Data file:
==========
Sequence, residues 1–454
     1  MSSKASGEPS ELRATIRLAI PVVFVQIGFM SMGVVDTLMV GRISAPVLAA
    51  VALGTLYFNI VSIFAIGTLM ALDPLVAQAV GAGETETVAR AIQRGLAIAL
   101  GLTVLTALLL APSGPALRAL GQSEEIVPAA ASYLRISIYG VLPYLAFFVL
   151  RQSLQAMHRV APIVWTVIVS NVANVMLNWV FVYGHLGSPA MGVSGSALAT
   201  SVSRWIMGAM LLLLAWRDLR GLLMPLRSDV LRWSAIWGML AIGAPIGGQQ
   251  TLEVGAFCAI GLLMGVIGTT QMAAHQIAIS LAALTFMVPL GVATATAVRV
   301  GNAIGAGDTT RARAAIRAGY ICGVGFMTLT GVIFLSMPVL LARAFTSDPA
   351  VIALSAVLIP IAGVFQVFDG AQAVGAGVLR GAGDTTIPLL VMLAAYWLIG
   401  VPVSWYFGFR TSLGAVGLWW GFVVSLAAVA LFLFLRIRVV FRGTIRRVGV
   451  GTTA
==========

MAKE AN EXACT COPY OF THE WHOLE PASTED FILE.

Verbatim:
Sequence, residues 1–454
     1  MSSKASGEPS ELRATIRLAI PVVFVQIGFM SMGVVDTLMV GRISAPVLAA
    51  VALGTLYFNI VSIFAIGTLM ALDPLVAQAV GAGETETVAR AIQRGLAIAL
   101  GLTVLTALLL APSGPALRAL GQSEEIVPAA ASYLRISIYG VLPYLAFFVL
   151  RQSLQAMHRV APIVWTVIVS NVANVMLNWV FVYGHLGSPA MGVSGSALAT
   201  SVSRWIMGAM LLLLAWRDLR GLLMPLRSDV LRWSAIWGML AIGAPIGGQQ
   251  TLEVGAFCAI GLLMGVIGTT QMAAHQIAIS LAALTFMVPL GVATATAVRV
   301  GNAIGAGDTT RARAAIRAGY ICGVGFMTLT GVIFLSMPVL LARAFTSDPA
   351  VIALSAVLIP IAGVFQVFDG AQAVGAGVLR GAGDTTIPLL VMLAAYWLIG
   401  VPVSWYFGFR TSLGAVGLWW GFVVSLAAVA LFLFLRIRVV FRGTIRRVGV
   451  GTTA